Exactly so - with that one caveat. The conservative faction does seem to be getting better at organizing similar campaigns, as with the recent campaign against the movie Cuties and everyone associated with it.

In any event, this means that your speech might be suppressed within your own world, where you hang out mainly with people from your own faction. Within that world, you'd be prudent not to express dissent from what the people around you are saying and seem to be thinking. The "other side" might want to hear these dissenting views, but probably for its own propaganda purposes rather than because it will take your overall worldview or value system seriously. The effect is that nuanced, complex, "hybrid" views - views that don't fit with whatever packages are currently endorsed by one or other of the main competing factions - tend to be squeezed out of public, and even private, discussion.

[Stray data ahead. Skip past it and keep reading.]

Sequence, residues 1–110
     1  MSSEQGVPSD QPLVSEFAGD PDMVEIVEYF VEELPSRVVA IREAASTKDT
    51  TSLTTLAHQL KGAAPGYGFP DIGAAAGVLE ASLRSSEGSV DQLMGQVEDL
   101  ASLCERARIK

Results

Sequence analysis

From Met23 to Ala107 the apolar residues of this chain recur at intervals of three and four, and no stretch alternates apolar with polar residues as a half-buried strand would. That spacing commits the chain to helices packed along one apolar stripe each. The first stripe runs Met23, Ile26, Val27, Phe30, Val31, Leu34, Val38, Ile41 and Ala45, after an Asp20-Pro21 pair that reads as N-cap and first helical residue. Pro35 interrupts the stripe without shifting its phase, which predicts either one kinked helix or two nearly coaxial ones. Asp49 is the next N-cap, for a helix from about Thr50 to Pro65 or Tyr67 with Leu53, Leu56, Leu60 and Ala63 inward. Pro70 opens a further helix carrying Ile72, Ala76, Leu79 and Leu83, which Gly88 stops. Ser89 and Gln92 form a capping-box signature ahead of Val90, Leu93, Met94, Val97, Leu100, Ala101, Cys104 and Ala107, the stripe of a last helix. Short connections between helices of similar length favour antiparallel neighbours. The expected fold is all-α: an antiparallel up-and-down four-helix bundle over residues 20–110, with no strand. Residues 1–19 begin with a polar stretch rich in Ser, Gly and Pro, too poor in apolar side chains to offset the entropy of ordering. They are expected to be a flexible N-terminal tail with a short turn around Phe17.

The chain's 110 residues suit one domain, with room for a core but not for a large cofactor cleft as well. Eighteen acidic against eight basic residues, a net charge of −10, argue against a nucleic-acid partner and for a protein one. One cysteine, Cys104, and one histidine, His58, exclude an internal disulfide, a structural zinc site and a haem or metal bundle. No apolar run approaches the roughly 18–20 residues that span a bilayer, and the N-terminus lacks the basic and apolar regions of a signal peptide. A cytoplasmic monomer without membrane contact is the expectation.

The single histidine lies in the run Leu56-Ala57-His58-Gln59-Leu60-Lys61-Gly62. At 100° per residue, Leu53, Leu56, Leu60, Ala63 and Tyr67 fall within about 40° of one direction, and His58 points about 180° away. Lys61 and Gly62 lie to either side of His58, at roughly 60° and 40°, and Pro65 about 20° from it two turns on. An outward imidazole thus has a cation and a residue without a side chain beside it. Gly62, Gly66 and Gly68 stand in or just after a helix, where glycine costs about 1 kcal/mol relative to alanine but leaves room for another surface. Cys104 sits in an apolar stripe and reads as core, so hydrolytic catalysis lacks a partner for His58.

That is intellectually disastrous. It is worth noting that the packages on offer from the existing factions are not the natural result of which ideas are most coherent with each other (even if there's some element of that), but mainly the result of historical processes of alliance-forming, of the ideas of certain charismatic individuals being taken up by their disciples, etc. People who adopt one or other off-the-shelf package of ideas do so for largely non-rational, non-principled reasons, such as wanting to share the commitments of people whom they admire, or simply of their peer group.